A Miami, Florida, police officer set off a national outcry in July after responding to reports of a suicidal man wielding a weapon. As the officer approached the 23-year-old holding a rectangular object sitting cross-legged in the middle of the road, another man entered the scene — Charles Kinsey. A few moments later, Kinsey was on his back, arms in the air, a bullet in his leg.
The object in the man’s hand turned out to be a toy train, and Kinsey was revealed to be the man’s caretaker. The subject of the initial call was born with autism; Kinsey, as caught on bystander video, had made an attempt to explain the situation to the officer before being shot.
The incident has set the stage for a packed house at the Law Enforcement and Autism Seminar hosted at California Lutheran University tomorrow, Friday, Sept. 23, where law enforcement and first responders from various agencies around the county will be represented for a four-hour training course.
Representatives from the Ventura County Sheriff’s Department; CSU, Channel Islands, campus police; Point Mugu Navy Base police as well as the Oxnard, Ventura and Camarillo Police Departments will be in attendance. Last year, Port Hueneme sent several officers.
Aaron Kitzman sits on the board of the Autism Society in Ventura County. The seminar is an opportunity to give law enforcement and first responders information on how to best interact with children and adults living with autism, he says.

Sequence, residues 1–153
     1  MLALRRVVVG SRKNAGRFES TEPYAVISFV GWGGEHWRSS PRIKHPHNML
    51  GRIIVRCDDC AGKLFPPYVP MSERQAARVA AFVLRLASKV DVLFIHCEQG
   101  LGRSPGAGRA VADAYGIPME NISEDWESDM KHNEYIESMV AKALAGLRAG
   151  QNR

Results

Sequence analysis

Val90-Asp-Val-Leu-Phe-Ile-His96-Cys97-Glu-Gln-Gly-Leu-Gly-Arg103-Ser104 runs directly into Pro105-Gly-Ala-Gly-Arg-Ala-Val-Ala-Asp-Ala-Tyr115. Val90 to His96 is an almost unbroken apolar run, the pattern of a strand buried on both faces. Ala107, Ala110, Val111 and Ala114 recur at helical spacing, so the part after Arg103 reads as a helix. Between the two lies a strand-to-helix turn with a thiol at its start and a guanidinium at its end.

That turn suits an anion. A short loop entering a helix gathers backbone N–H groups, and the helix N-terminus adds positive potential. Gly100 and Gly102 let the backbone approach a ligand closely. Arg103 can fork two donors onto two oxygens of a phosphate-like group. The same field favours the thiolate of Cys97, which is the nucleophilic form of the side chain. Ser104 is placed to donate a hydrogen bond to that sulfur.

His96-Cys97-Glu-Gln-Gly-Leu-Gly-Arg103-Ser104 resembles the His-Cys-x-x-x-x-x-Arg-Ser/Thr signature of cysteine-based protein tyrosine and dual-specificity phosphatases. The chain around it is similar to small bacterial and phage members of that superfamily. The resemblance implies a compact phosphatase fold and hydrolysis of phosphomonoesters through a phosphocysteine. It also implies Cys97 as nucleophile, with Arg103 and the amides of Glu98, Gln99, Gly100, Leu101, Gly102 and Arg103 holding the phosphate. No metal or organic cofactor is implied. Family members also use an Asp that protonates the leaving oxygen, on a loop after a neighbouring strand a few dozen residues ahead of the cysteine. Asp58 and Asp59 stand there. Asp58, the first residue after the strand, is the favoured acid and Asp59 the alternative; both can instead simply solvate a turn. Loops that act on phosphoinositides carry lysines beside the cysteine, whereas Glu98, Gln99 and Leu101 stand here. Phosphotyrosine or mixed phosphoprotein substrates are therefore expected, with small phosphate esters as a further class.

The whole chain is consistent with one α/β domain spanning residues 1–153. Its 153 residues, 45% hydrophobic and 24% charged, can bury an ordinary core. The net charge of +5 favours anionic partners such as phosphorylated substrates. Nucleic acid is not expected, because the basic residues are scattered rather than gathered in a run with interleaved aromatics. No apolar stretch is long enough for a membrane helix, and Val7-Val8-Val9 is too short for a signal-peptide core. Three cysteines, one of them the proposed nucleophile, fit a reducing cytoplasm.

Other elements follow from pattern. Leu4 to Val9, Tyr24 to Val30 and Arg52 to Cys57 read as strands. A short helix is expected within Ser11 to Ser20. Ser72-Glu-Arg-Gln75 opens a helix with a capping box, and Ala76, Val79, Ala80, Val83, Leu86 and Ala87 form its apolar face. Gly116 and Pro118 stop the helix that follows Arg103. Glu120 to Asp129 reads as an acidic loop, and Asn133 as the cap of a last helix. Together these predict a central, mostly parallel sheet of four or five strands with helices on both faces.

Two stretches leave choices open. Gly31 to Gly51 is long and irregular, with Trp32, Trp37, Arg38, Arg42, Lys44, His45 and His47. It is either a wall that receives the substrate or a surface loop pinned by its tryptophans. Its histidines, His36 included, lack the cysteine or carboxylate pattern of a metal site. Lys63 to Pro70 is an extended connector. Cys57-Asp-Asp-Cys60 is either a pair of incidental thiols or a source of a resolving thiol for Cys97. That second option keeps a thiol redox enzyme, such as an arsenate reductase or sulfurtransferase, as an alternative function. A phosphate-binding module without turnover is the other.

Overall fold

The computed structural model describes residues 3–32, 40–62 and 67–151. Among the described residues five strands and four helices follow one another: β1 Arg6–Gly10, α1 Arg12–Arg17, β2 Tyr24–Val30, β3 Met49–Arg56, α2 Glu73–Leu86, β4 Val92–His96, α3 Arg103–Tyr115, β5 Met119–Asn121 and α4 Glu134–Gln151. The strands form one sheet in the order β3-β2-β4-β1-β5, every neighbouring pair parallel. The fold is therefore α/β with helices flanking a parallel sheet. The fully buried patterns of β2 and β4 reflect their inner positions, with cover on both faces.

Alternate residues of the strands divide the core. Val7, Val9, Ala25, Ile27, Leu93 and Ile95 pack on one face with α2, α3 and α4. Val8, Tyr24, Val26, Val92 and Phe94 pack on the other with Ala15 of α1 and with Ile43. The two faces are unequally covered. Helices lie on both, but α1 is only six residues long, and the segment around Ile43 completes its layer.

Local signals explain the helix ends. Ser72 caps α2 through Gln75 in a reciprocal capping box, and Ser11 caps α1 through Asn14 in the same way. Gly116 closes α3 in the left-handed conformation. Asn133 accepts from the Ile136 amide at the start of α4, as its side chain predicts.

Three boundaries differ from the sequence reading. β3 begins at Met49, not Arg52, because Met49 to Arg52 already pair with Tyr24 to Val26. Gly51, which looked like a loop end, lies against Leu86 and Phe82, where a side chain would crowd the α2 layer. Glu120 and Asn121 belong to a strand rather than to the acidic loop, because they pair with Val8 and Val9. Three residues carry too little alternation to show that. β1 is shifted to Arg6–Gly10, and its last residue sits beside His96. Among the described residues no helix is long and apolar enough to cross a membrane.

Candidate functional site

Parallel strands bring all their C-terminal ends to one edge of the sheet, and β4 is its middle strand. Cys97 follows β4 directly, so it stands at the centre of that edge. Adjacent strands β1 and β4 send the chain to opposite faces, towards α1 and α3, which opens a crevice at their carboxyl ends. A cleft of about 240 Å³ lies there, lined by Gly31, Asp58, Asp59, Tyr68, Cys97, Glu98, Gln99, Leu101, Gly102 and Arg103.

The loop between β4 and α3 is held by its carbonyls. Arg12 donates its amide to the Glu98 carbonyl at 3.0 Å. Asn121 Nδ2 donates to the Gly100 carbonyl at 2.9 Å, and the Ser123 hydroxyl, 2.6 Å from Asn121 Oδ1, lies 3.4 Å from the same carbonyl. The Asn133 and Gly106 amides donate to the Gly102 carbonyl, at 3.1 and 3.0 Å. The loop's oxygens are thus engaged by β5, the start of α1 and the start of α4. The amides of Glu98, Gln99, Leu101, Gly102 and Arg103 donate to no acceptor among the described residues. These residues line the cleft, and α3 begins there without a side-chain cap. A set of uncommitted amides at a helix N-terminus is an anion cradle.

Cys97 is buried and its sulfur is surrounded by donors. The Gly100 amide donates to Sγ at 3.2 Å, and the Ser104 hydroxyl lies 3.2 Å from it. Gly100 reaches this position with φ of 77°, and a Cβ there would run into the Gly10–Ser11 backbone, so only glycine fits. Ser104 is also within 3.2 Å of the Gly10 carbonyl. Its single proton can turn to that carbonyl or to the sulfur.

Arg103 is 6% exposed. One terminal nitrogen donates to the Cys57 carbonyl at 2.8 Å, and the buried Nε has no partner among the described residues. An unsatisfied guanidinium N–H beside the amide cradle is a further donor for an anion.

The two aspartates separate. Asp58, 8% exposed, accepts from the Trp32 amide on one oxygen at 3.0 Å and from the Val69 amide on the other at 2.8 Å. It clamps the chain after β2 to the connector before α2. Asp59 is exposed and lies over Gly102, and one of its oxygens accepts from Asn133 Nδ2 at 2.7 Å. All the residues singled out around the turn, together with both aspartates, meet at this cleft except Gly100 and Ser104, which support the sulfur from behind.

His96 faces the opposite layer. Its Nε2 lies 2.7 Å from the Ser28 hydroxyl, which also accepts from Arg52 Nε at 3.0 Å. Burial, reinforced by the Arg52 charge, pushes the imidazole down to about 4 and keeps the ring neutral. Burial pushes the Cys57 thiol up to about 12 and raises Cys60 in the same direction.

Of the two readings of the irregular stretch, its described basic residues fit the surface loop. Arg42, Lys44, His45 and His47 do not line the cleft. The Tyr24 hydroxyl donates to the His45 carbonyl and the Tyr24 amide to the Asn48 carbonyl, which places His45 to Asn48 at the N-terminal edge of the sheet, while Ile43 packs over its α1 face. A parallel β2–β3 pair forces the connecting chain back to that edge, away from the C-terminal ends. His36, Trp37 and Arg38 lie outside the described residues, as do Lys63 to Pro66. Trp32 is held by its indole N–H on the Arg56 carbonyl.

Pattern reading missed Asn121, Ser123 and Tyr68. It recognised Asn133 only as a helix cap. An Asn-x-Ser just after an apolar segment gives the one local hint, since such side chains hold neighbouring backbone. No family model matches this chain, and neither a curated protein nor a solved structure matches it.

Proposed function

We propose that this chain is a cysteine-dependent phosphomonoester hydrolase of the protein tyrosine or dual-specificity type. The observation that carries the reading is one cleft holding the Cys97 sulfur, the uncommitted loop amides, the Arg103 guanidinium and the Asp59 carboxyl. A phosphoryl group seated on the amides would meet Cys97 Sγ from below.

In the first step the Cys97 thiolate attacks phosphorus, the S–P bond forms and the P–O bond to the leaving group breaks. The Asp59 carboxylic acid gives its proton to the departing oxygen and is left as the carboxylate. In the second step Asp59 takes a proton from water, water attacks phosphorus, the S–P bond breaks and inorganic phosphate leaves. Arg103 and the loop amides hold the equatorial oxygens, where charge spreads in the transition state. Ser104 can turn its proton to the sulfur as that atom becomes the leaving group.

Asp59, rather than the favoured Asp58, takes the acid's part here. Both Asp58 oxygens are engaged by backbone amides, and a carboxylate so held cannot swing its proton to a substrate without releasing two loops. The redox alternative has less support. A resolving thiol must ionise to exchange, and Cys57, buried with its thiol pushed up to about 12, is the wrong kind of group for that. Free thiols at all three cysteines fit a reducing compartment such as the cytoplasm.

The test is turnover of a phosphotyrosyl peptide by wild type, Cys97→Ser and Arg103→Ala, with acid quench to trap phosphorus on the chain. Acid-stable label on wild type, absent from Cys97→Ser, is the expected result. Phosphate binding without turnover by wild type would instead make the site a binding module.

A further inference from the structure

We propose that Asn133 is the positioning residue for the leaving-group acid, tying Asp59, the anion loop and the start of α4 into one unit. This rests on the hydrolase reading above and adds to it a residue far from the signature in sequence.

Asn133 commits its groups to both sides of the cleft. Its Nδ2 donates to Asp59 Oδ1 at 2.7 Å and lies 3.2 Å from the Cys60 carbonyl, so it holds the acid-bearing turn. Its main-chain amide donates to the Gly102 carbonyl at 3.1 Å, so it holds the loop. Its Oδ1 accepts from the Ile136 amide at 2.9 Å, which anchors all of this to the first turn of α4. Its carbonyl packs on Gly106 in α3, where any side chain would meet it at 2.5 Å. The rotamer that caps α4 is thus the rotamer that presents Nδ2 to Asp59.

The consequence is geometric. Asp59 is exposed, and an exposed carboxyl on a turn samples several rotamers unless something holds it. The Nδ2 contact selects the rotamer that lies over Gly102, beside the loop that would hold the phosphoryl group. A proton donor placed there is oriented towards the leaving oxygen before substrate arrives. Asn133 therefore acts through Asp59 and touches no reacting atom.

The Autism Society operates a hotline for families in need of resources, or who have concerns. Kitzman says a number of these calls led to the start of the seminar.
“We noticed several years back that families were having what they were describing as negative interactions with law enforcement,” said Kitzman, adding that these were typically young children or families with young adults who had run away from home. “The families were beside themselves. These were stories from families of how law enforcement didn’t have an understanding of the people they were serving.”
The Society brought in a trainer, Brian Herritt, to lead the seminar. Herritt had spent 13 years as a police officer and it was during that time that his son was diagnosed with autism.
“It was very quick for me to see that there was a real lack of understanding of what autism was, in law enforcement,” said Herritt. Herritt conducts seminars across the state, and assisted in the creation of a bill to require mandatory training for police officers on how to deal with people with autism. The bill, however, failed to materialize in any form other than a two-hour training video, which isn’t required viewing.
Herritt says, however, that this kind of training should be mandatory as interactions between police and people with autism will continue to increase.
“Every cop in America would take a bullet for a person with special needs and go out of their way to help protect them, but you really don’t understand [autism],” said Herritt. “When I became the parent on the inside, a couple of things early on really made me understand that there was a need for training.”
Herritt says that an interaction between his son and wife and a security guard drove the point home, after the guard threatened to physically restrain his then 8-year-old son.